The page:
# How to calculate a life table for different baseline groups (Cox survival analysis)

I wish to recreate a table from a study (DOI: 10.1097/MAO.0000000000001914). The study includes survival analyses on whether or not patients loose their hearing. Hearing is described using two outcomes: pure-tone average hearing threshold (PTA) in decibels and a standardized word-recognition score (WRS) in % recognized correctly. For hearing loss, cut-off values are used to create a binary variable of "serviceable hearing." Hearing at baseline, however, differs, creating a potential selection bias. To account for this bias, this table is created. This table is described as using Cox predicted rates of loss of serviceable hearing, based on baseline hearing rates. It's looks like this:

My question is: how can I recreate this? Do you select a subgroup of patients that have this specific baseline (e.g. select all patients with a baseline PTA of <10 and a WRS between 90-100%, and consequently create a life table? ? I imagine there will be a lot of small groups (25!). Or is there any other technique, that is able to use more and potentially all your data for each estimation?

I work in R and use survfit and surv_summary to create the life tables.

In the cited paper,* the plots in Figure 3 and figure 4 indicate that the authors used baseline values of both WRS and PTA as continuous predictors. Such modeling of continuous predictors without binning into groups is generally the best preactice. Those plots are for single-predictor associations with outcome, with some type of flexible fit (perhaps restricted cubic splines; the authors didn't specify that detail in the methods).

Table 3 shows the associations of those predictors with outcome together in a two-predictor model, which they say was "developed using forward and backward selection." As they only show a single hazard ratio (HR) for each of PTA (2.07 per 10-dB change; 95% CI, 1.64–2.61) and WRS (1.48 per 10 percentage-point change; 95% CI, 1.27–1.72), it seems that non-linear terms were removed in the process and that interactions between WRS and PTA were either not considered or were found not to improve upon the model.

What's important with respect to your question is that there was no breakdown into subgroups. All data values for all participants went into constructing the model summarized in Table 3. Then that model was used to make predictions of outcomes for different hypothesized combinations of PTA and WRS. The predictions (with confidence intervals) are displayed in the table you show (Table 4 of the paper).

To reproduce the table you would need access to the original data. The HR values are relative to a baseline hazard, which is estimated from the data. The principles are quite straightforward and represent a standard use of Cox modeling for prediction, not just for description. In R, after using coxph() to build the model, the predict() function applied to the model along with sets of predictor values would give you these predicted probabilities of maintaining serviceable hearing.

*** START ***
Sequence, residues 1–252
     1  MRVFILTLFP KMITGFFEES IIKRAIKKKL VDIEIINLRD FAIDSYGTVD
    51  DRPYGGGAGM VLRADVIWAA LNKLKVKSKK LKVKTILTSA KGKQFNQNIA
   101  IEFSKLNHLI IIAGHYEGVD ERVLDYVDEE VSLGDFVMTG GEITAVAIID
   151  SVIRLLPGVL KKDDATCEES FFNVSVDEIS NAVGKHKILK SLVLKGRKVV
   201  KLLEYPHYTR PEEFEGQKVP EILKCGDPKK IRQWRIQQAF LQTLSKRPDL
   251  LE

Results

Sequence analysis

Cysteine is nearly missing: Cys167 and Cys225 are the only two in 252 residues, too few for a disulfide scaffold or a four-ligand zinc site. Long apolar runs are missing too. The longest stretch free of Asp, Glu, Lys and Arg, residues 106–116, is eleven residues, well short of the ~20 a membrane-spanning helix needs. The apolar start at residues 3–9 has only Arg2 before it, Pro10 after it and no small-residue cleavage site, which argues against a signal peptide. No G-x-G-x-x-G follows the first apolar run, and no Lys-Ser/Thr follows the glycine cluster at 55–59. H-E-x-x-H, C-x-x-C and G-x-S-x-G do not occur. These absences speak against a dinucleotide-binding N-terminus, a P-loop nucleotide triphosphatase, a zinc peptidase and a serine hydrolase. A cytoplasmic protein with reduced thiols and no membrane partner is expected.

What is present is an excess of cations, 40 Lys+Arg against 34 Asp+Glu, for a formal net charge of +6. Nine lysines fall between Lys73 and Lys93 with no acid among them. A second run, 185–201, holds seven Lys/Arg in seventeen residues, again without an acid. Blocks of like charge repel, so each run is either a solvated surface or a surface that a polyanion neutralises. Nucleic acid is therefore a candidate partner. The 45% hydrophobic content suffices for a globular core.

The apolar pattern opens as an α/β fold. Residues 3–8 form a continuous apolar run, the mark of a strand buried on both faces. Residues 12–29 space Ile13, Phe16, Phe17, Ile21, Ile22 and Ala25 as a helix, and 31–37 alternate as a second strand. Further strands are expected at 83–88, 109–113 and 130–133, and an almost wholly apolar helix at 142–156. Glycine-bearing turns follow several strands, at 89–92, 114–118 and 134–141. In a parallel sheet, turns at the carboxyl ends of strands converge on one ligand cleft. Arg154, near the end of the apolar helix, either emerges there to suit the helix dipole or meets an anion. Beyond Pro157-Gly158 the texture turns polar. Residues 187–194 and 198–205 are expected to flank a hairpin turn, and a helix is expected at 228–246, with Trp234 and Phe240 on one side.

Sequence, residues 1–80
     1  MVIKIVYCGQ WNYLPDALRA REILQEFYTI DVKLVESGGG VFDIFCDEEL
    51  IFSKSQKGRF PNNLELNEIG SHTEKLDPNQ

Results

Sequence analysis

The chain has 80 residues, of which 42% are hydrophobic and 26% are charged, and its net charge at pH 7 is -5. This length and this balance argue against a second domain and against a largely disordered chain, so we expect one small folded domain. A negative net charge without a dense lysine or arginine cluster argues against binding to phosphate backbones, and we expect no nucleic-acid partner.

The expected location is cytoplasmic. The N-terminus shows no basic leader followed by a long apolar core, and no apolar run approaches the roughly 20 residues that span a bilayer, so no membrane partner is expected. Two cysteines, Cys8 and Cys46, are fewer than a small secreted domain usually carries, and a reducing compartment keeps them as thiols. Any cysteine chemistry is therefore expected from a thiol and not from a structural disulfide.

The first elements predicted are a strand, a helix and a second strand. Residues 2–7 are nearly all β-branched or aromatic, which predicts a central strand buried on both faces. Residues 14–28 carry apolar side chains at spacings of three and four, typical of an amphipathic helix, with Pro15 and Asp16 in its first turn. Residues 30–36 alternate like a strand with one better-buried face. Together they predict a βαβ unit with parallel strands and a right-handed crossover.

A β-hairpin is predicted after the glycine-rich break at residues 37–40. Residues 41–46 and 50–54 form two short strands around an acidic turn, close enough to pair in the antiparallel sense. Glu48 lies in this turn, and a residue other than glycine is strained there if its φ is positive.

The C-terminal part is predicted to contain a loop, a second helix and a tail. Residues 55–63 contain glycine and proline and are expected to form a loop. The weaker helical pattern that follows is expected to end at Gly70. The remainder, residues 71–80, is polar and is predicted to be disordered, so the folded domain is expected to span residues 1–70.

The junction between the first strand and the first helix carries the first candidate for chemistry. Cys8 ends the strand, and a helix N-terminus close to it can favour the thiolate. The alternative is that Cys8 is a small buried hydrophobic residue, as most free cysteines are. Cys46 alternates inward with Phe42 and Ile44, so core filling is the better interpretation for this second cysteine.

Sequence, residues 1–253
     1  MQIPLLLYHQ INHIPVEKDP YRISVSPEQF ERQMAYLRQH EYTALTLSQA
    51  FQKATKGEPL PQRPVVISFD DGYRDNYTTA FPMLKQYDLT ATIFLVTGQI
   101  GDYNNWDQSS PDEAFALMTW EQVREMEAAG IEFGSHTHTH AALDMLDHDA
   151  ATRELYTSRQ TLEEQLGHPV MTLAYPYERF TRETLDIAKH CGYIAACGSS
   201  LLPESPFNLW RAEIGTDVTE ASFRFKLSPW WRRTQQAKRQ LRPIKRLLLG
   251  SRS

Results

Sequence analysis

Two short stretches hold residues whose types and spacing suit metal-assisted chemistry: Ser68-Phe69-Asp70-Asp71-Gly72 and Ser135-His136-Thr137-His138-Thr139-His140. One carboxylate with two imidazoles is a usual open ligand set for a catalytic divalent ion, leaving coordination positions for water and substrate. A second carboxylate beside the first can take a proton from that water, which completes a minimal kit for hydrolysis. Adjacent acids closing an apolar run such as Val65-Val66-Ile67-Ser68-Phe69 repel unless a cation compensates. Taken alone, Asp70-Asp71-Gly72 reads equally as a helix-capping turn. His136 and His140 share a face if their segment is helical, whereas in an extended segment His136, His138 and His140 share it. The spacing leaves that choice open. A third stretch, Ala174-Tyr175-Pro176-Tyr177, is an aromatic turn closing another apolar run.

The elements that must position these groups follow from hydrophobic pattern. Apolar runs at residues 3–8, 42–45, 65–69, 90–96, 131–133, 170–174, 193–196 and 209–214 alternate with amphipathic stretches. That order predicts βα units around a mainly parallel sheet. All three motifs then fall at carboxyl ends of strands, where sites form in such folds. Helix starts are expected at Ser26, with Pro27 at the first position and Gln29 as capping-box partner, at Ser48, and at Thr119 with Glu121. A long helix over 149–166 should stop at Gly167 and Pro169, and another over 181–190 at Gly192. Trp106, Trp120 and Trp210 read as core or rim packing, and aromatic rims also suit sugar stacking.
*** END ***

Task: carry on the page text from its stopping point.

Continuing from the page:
*JB Hunter et al, "Hearing Outcomes in Conservatively Managed Vestibular Schwannoma Patients With Serviceable Hearing," Otology & Neurotology 39:e704–e711, 2018.

• @Kim for the first check of reproducibility, HRs from the simple 2-predictor model with PTA and WRS on your data would be a good start. You might also check the other baseline covariates (tinnitus, etc) that they didn't find significant, if you have enough cases that lost serviceable hearing (you need about 15 such cases per predictor that you evaluate). The specific predictions at different times are less likely to be reproducible, as your baseline hazards might not be the same as in the cited study.
– EdM
Commented Aug 3, 2021 at 17:14
• I couldn't edit the previous post and the code had an error in it: Thank you! This makes a lot more sense now. I wanted to redo this with our own data, to see whether it is reproduceable. I understand how to make the model, but any tips on how to get the different categories and timepoints from Table 4 from predict()? This is my as far as I got with my current attempt (otherwise perhaps via survfit() and summary()  cox <- coxph(Surv(FU, event) ~ BWRS+ BPTA, data = db) predict(cox, newdata=db[BWRS==100 & dbBPTAT<=10,],type="survival",se=TRUE)
– Kim
Commented Aug 3, 2021 at 17:23
• @Kim the syntax for predict is picky. For "survival" predictions, don't try to re-use your db of actual data for newdata. Instead, set up a completely new data frame with each combination of exact predictor values and survival times that you want to evaluate. Use the same column names as used in the data for your model, and include an event value even though it won't be used. Check your Cox-model HR values for PTA and WRS first; if those are far off from the published one, you're unlikely to reproduce the specific survival over time.
– EdM
Commented Aug 3, 2021 at 17:24
• Thanks again, will do!
– Kim
Commented Aug 3, 2021 at 17:32
• @Kim make sure to read the manual page for predict.coxph very, very closely.
– EdM
Commented Aug 3, 2021 at 17:38